Charming people, with winsome smiles and easy warmth. I share their taste in music, their appreciation of gentleness, their cultivation of casual ease. I genuinely like them and feel comfortable with them - far more comfortable, for example, than with a group of tattoed youths much the worse for drink, hanging around on a Luton street corner. But I simply can’t comprehend their indifference to suffering just out of their sight. I can't understand why they don't see that threatening and ill-behaved as those youths may be, they have rights too. The same rights as I do, they same rights as those lovely people at the concert do.

So as soon as I got home I did something I’d been planning to do for a long time but hadn’t got round to. I rejoined the Labour Party. I’d let my membership lapse before, partly just because I was living abroad, partly as a tribute to Tony Blair. Now it’s time to join again because, though at its worst the Labour Party can be wretchedly disappointing, at its best it speaks for those people who most need a voice. For the people who need someone to say ‘no’ to the Peter Lilleys of this world.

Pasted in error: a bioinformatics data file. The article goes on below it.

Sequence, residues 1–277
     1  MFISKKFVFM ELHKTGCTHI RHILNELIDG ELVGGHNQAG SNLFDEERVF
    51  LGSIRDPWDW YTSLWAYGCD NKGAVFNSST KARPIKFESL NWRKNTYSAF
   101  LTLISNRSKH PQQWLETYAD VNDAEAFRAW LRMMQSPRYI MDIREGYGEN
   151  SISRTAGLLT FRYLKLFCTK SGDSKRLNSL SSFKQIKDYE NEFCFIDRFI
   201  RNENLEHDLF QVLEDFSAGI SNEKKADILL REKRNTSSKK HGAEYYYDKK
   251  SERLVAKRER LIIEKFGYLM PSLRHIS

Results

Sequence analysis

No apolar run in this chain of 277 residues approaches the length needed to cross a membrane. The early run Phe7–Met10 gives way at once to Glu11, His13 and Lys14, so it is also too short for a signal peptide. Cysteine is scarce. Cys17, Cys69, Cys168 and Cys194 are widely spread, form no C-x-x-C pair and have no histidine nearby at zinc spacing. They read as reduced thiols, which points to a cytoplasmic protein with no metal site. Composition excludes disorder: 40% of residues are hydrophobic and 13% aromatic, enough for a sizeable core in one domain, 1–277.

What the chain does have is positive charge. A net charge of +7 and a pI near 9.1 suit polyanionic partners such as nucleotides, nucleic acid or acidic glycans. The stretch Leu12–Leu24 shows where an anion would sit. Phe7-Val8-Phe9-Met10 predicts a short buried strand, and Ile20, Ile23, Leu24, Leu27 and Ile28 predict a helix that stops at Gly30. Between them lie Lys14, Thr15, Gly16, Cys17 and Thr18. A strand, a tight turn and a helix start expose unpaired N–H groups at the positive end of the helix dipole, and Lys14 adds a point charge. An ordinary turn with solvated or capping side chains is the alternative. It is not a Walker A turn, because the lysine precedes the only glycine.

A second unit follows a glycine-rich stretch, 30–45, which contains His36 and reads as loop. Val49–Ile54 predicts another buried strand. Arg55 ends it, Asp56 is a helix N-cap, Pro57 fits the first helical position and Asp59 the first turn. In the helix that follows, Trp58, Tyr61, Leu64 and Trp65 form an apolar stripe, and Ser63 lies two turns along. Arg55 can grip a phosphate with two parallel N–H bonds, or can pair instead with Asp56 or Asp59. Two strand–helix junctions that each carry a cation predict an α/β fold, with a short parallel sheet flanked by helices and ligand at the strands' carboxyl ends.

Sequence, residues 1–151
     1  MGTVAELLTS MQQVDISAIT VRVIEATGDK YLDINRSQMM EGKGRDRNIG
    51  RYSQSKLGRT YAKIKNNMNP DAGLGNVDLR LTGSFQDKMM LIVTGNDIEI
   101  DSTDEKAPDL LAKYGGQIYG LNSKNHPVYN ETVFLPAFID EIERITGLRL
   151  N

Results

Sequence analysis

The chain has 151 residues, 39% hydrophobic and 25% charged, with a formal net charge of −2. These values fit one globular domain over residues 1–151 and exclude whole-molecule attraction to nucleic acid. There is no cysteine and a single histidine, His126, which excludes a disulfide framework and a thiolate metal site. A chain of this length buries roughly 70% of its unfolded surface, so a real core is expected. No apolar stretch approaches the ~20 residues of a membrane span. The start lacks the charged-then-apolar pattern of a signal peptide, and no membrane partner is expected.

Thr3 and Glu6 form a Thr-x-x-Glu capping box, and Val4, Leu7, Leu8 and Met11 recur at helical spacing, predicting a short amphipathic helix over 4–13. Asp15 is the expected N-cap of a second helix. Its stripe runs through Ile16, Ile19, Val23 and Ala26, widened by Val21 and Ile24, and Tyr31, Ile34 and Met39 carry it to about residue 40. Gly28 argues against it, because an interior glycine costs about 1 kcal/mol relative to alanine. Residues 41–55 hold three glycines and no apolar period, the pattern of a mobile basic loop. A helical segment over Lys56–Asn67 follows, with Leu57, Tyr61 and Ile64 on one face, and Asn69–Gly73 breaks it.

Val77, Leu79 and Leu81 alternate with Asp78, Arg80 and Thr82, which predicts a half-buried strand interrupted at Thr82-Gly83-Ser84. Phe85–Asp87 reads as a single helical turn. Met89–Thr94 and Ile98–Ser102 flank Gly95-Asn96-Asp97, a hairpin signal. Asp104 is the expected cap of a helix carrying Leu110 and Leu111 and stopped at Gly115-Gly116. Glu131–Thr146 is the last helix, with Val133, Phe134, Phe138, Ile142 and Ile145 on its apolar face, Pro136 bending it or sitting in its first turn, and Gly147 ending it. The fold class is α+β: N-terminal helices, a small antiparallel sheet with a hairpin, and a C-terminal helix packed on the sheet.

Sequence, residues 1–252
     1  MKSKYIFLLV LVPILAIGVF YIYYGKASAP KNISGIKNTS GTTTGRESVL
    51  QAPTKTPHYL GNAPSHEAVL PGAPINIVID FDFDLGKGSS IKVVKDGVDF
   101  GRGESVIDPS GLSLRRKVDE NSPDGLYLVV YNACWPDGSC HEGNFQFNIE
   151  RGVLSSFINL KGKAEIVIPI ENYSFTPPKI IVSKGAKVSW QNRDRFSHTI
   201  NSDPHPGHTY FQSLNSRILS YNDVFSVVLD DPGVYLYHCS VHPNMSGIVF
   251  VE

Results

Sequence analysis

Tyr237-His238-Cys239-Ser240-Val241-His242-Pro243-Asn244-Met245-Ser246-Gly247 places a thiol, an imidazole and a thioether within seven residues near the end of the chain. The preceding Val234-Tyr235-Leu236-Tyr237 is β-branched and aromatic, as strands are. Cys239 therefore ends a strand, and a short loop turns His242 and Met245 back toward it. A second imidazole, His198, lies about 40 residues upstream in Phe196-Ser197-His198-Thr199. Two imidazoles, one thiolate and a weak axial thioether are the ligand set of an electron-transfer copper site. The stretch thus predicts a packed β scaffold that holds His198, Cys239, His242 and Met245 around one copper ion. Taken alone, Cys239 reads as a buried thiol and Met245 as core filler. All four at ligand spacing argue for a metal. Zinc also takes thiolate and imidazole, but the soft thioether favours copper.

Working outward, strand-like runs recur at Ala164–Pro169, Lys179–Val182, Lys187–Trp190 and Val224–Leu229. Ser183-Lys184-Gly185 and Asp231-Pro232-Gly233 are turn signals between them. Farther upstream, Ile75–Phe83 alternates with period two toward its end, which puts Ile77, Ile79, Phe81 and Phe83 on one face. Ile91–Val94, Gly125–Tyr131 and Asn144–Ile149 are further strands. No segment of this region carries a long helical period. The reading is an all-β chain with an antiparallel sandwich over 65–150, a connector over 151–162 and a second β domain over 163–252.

It’s pretty obvious I can’t do much to stop injustice in our society. Probably the Labour Party can’t do a lot more. But maybe it can make some very little contribution to closing the moral gap between Luton and Harpenden. And that might do some good for the poor in Luton. And who knows? It might, in a perverse sort of way, do some good for the comfortable of Harpenden too.

2 comments:

Bob said...

Hear, hear!

Anonymous said...

The fact that YOU have seen Peter Lilley makes ME want to re-join the Party too!

San